[U] USDC Judge Emmet Sullivan’s Cogent Answers, In the Flynn DC Mandamus Appeal…

UPDATED Tuesday night: This was just entered in the DC Circuit:

“. . . .Scheduling oral argument on Friday, June 12, 2020, at 9:30 a.m. EDT Before Judges: Henderson, Wilkins and Rao. . . .” End, update.

In any sane mandamus appeal, to an upper federal court, this would not be a close question.

Judge Sullivan would be permitted to do his job, under the applicable trial court rules. But these are. . . strange times. So this very capable brief was. . . required. Do read it all, but here is a bit:

. . . .The unique facts of this case warrant evaluation by the trial judge before any review by this Court.

It is unusual for a criminal defendant to claim innocence and move to withdraw his guilty plea after repeatedly swearing under oath that he committed the crime. It is unprecedented for an Acting U.S. Attorney to contradict the solemn representations that career prosecutors made time and again, and undermine the district court’s legal and factual findings, in moving on his own to dismiss the charge years after two different federal judges accepted the defendant’s plea.

These reversals presented Judge Sullivan with several substantial questions. Was he required to grant the government’s post-plea motion to dismiss, and reverse his findings that Mr. Flynn’s false statements to the FBI about his contacts with Russia were material, without any inquiry into the facts set forth in, and surrounding, the government’s filing? What implications would dismissal have on Mr. Flynn’s separate false statements to the Department of Justice about his work for Turkey, which were part of his plea agreement but not addressed in the government’s motion? Do the facts here provide reason to question the “presumption of regularity” that ordinarily attaches to prosecutorial decisions, United States v. Fokker Servs. B.V., 818 F.3d 733, 741 (D.C.
Cir. 2016)?

And what, if anything, should Judge Sullivan do about Mr. Flynn’s sworn statements to the court, where he repeatedly admitted to the crime and to the voluntariness of his guilty plea, only to now claim that he never lied to the government and was pressured and misled into pleading guilty? Because the parties before him now support the same relief, Judge Sullivan turned to an approach used by federal courts across the country, as well as district courts in this Circuit: He appointed an amicus to present counterarguments, and set a briefing schedule giving the government and Mr. Flynn the last word. . . .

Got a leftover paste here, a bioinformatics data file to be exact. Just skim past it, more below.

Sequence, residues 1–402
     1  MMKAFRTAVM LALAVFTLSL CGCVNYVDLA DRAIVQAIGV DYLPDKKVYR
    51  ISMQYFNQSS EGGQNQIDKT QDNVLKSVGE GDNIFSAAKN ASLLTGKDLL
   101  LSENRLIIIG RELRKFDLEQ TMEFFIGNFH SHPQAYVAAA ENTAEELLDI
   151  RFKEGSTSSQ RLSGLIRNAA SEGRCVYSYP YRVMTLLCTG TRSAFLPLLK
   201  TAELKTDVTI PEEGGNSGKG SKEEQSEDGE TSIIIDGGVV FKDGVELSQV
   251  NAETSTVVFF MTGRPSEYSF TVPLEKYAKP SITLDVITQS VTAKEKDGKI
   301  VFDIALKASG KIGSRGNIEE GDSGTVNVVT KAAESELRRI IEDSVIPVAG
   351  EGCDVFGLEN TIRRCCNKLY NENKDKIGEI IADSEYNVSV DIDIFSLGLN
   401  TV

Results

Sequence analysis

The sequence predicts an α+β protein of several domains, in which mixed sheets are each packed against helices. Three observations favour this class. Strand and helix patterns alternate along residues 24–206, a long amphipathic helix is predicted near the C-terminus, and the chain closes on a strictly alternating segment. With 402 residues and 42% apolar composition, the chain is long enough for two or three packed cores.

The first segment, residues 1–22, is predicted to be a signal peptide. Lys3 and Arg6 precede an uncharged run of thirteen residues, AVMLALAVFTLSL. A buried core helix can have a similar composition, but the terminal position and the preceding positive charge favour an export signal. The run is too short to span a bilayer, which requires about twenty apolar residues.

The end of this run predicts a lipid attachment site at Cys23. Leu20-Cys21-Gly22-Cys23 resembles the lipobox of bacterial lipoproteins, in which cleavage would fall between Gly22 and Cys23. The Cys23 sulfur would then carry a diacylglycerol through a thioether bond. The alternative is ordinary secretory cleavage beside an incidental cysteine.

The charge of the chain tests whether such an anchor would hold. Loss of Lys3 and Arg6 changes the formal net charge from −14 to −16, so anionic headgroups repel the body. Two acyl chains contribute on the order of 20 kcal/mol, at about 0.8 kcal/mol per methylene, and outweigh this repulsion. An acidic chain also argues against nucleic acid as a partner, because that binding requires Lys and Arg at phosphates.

Mandamus is an extraordinary remedy that should be denied where the district court has not actually decided anything. The government’s motion is pending before Judge Sullivan and could well be granted, so Mr. Flynn can obtain the exact relief he seeks through ordinary judicial process. . . .

Mr. Flynn’s case has garnered considerable attention. But that is no reason to resolve it outside the normal judicial process. This is a “court of review, not of first view.” Cutter v. Wilkinson, 544 U.S. 709, 718 n.7 (2005). The questions presented should be resolved by the district court in the first instance. . . .

Flynn will lose — justice will. . . prevail, and he will go to jail, for lying. But it may all take beyond November 2020. Buckle-up.

Back from cleaning up damaged businesses, on Chicago’s west side, with a grass-roots community activists’ group. Video on request. . . smile. Chicago is a very fine city — her “big shoulders” can, and will, recover — and admit. . . that we need fundamental policing change, nationwide.

नमस्ते

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